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Editorial | Mr Seaga’s perverse conclusion

Published:Tuesday | July 12, 2016 | 12:00 AM

Edward Seaga, who, in the 1980s, served for eight years as Jamaica's prime minister, has seemingly perfected the skill of pursuing unimpeachable logic to a perverse conclusion. He put it on display at the weekend as part of a discussion of what ought to be Jamaica's place in the Caribbean Community (CARICOM).

Mr Seaga's conclusion is that Jamaica is a "misfit" in the community and therefore "should play a selected role, like The Bahamas, in CARICOM". Although it is a full member of the 15-member community, participating in its political and functional cooperation arrangements, The Bahamas does not subscribe to the arrangements by which CARICOM expects to transform itself into a genuine single market and economy.

The observation/recommendation is important on several fronts; it didn't happen in isolation. Obviously, Mr Seaga hopes to influence the task force, chaired by another former prime minister, Bruce Golding, which has been asked by the country's current leader, Andrew Holness, to examine what benefits Jamaica has derived from its 43-year membership of CARICOM and what value it might extract in the future. Moreover, perhaps induced by Jamaica's example, the leaders of CARICOM have commissioned their own review of the performance of the single market and economy.

Further, Messrs Golding and Holness, personal evolution notwithstanding, were proteges of Edward Seaga, their immediate predecessor in the governing Jamaica Labour Party (JLP), of which he remains something of an intellectual patron and ideologue, especially of the party's residual suspicion of Caribbean integration and matters, particularly, of an economic nature, related thereto.

That suspicion finds fertile ground in the near US$800-million trade deficit that Jamaica runs with CARICOM, which essentially means Trinidad and Tobago, which in turn helps to fuel the argument that Port of Spain cheats on its obligations to its CARICOM partners. It may be fact that Trinidad and Tobago does not play by the rules. Unfortunately, such accusations are not proved by anecdotes, but rather tangible complaints that are tested in the appropriate dispute-resolution mechanisms.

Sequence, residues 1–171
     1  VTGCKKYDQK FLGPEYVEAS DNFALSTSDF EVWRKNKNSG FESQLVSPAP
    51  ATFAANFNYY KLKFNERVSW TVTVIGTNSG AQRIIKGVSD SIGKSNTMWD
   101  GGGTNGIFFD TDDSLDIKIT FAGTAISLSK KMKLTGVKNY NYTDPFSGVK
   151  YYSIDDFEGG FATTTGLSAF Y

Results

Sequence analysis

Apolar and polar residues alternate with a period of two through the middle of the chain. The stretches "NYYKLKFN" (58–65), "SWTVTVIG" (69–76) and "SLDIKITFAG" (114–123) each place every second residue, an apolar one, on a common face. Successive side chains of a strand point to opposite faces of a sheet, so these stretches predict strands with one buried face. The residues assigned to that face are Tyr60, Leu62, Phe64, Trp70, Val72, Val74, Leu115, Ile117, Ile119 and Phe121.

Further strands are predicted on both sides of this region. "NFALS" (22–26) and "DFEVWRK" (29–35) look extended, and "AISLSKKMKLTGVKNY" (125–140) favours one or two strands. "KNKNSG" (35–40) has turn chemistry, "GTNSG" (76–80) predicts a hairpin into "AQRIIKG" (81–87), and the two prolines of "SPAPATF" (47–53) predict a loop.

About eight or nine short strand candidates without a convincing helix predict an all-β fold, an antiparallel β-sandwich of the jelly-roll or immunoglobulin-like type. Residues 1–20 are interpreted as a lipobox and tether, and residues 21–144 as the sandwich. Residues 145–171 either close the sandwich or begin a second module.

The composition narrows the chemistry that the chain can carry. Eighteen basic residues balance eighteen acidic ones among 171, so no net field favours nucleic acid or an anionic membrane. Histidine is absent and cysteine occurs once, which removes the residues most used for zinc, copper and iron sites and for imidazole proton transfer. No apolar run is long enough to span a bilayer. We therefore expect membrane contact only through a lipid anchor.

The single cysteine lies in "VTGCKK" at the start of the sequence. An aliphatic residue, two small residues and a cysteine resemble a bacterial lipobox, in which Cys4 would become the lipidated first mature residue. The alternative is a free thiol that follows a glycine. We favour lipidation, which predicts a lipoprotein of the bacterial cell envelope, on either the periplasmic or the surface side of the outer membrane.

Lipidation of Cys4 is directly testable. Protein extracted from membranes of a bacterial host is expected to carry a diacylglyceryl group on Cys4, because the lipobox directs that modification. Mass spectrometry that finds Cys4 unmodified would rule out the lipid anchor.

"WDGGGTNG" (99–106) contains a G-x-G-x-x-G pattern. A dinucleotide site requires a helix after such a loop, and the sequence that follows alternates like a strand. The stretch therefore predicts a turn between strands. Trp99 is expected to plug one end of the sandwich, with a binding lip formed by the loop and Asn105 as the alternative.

Mr Seaga acknowledges that the basis of Jamaica's issue with CARICOM is that deficit and concludes that, except for oil which other members except for Trinidad and Tobago don't export, market preference "is largely driven by competitive pricing". And he agrees that in Jamaica's case it has lagged on two fundamental bases - "Inadequate skills and macroeconomic instability".




Further, he identifies the almost inevitable consequences of this double whammy, noting that between 1973 and 2007 "labour productivity per Jamaican worker declined at an annual rate of 1.3 per cent".

Says Mr Seaga: "Jamaica is at a grave disadvantage in the regional setting. The education system is not geared to lifting productivity and improving competitiveness in the marketing of Jamaican goods and services and from the lack of priority the sector is receiving this condition will likely continue to prevail."

If Jamaica is at a disadvantage among 15 mostly low, middle-income developing economies, which themselves face education and productivity problems, we wonder what would be its state against the global economic titans. A retreat from CARICOM would hardly, in the circumstance, translate to an improvement in Jamaica's trade deficit of nearly J$4 billion.

The answer to Jamaica's problem in CARICOM, and its competitiveness generally, rests, primarily, in fixing the economy along the lines on which the country has been focused over the past five years.